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Plans in place to redraw Chatham County commissioner election districts

By Brian Bock
Posted Wednesday, May 11, 2011

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Pittsboro, NC - Since 2006 our commissioner districts have been changed twice. In 2006 the Board of Commissioners (BOC) led by Commissioner Morgan gathered a bi-partisan task force to redraw the districts. A solution was agreed on by the task force and subsequently adopted by the BOC. Newly elected commissioners who came into office later that year were not happy with the new districts and decided they should be changed. Commissioner Lucier worked directly with the county GIS department to develop new districts to propose to the BOC. These new districts were adopted in 2007.

 

 

Both of these boards were attempting to construct districts that fairly represented the citizens of Chatham County. Unfortunately, both boards were working with the disadvantage of using out-dated population information from the census of 2000.

Chatham County votes using a system where a candidate must live in a specific district but is voted on by the entire county. Since each candidate is voted on by everyone, having districts with disproportionate populations has not harmed the citizens in any way.

We now have the advantage of current census data with which to construct representative commissioner districts. In looking at the data, it is obvious that new district boundary's are needed. To give you an idea, district 1 has nearly 56% more people than district 5. Whether we choose to employ Commissioner Morgan's approach of using a bi-partisan task force or Commissioner Lucier's approach of working directly with the GIS department, some will think the process has been "politicized". Recognizing this, the majority of the board has decided the best way to proceed is to work directly with the GIS department incorporating input from citizens to develop proposed new districts. The proposed districts will be presented to citizens and a public hearing will be held to receive further input before they are adopted.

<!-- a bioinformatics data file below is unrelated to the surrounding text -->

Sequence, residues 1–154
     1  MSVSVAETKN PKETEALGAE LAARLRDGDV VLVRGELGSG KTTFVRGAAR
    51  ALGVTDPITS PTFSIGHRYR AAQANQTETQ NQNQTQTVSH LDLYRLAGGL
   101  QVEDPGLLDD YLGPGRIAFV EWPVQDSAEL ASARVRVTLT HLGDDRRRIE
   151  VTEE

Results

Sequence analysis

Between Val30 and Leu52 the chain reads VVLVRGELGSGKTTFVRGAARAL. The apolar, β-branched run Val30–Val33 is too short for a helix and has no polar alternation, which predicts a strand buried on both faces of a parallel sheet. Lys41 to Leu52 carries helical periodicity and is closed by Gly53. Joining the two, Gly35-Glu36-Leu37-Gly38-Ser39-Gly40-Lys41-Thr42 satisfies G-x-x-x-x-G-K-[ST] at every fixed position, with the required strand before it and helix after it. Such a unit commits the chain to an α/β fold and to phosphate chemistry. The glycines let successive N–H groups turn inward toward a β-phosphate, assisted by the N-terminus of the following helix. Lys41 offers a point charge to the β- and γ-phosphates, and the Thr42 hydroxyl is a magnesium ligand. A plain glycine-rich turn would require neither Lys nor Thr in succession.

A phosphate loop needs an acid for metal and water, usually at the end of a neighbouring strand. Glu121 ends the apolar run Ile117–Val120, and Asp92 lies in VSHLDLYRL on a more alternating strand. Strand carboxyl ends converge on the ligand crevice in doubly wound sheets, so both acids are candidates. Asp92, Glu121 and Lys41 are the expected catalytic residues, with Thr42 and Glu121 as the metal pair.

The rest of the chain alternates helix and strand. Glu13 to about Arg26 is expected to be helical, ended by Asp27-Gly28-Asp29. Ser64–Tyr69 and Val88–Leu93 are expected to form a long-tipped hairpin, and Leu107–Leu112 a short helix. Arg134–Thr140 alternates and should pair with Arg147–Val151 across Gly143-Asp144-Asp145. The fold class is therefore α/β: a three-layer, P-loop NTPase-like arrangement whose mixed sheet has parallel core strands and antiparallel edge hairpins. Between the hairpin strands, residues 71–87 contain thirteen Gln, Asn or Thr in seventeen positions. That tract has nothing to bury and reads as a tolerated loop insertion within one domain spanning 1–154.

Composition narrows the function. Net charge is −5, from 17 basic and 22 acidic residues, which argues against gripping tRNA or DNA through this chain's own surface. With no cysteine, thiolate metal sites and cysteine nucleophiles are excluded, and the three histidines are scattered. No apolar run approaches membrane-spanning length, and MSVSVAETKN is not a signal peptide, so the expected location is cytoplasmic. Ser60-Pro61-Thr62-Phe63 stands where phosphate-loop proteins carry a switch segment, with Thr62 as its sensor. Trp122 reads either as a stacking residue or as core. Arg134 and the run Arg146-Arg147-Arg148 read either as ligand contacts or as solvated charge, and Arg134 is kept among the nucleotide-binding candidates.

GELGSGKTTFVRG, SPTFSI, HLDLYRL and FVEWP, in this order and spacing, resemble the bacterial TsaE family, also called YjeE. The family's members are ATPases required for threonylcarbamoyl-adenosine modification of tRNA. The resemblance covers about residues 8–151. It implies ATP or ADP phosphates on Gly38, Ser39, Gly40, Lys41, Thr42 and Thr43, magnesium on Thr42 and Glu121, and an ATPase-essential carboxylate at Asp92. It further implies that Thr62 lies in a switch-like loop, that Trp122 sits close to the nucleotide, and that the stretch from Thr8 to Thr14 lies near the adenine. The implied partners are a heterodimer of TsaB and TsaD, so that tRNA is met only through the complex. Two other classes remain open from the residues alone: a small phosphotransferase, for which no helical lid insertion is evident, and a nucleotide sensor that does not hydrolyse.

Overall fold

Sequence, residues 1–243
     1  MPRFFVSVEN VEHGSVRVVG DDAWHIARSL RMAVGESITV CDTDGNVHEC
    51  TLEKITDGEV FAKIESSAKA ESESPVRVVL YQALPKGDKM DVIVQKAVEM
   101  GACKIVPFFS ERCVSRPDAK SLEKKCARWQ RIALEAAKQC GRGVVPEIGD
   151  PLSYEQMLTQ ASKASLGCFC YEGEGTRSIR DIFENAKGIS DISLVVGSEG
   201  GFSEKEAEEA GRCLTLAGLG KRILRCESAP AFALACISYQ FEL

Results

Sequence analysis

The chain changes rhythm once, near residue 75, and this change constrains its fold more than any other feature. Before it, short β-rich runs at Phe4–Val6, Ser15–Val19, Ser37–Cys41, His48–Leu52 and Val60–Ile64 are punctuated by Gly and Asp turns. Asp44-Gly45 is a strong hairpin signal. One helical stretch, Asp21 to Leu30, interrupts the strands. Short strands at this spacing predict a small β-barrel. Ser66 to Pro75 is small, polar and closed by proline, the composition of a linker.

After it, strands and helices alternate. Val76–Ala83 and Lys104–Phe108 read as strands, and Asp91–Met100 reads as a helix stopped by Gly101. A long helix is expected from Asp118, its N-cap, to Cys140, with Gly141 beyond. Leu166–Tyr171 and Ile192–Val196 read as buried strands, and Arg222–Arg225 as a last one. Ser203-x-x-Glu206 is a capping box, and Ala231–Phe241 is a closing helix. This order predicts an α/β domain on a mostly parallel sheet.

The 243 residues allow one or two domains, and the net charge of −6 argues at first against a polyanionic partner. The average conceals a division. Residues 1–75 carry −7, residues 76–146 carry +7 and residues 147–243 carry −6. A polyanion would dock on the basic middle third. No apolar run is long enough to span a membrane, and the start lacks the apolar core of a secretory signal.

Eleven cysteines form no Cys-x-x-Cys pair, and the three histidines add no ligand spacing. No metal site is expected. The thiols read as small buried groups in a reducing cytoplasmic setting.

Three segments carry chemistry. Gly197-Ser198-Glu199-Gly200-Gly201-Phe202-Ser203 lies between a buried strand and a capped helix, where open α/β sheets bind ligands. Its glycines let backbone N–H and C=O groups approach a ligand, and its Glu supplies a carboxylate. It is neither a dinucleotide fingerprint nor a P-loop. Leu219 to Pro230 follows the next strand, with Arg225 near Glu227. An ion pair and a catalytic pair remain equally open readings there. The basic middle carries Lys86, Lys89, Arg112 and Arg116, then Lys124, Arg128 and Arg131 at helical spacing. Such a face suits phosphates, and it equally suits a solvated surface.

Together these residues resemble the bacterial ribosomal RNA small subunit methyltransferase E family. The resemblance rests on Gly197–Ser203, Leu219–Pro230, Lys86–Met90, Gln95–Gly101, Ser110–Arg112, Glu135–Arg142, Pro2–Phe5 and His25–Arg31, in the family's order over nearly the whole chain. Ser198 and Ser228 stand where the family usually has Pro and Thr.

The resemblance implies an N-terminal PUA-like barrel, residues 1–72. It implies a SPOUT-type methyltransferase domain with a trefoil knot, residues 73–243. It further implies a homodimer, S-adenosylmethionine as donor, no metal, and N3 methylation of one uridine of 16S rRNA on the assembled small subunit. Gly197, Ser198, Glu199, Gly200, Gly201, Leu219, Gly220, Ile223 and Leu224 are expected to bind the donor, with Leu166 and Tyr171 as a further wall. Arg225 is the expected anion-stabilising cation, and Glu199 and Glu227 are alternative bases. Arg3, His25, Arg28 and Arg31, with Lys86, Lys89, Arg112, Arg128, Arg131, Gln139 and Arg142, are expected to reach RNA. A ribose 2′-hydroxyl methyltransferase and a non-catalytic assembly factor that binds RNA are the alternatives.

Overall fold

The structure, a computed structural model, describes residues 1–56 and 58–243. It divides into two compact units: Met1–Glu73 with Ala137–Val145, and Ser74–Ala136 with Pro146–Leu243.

Commissioner Petty and I have been working on this for several weeks. We have been guided by input from citizens and comments/concerns from previous redistricting efforts. The information gathered from newspaper sources, on-line sources, and citizen input has helped us develop the principles to work with in the process. Some of those principles are:

  • Districts should be drawn that would allow the county to switch to "district" voting in the future without requiring further redistricting.
  • Each of the five commissioner districts will represent 12,700 citizens plus or minus 3%. The law allows a greater deviation but we are striving to stay within the 3%.
  • The boundary lines of the districts should follow major roadways, rivers, or township lines where feasible.
  • The new districts should not put current commissioners into a different district where they would be forced to run against another sitting commissioner or be prevented from running in the cycle they would have run in without new districts.
  • If at all possible, municipalities should not be divided into more than one district.
  • Districts should not look like a snake or a salamander.

Incorporating all of these guidelines to ensure a fair result has been somewhat time consuming but I believe we are very close to having a proposal to present to the citizens. Our tentative schedule is to finalize our proposal no later than May 18th, schedule a public hearing for June 6th, make any necessary adjustments after June 6th then vote during our June 20th meeting.

This tentative schedule will allow more than two weeks for citizens to review prior to the public hearing and then another two weeks after the hearing to provide input before a final vote.

I will keep you posted if that schedule changes.

Brian Bock is chairman of the Chatham County Commissioners.
 
Related info:
Commissioner Bock Blog
e-mail E-mail this page
print Printer-friendly page
 
 
 
Plans in place to redraw Chatham County commissioner election districts
Chatham County commissioner
Brian Bock.


Related info:
Commissioner Bock Blog
 
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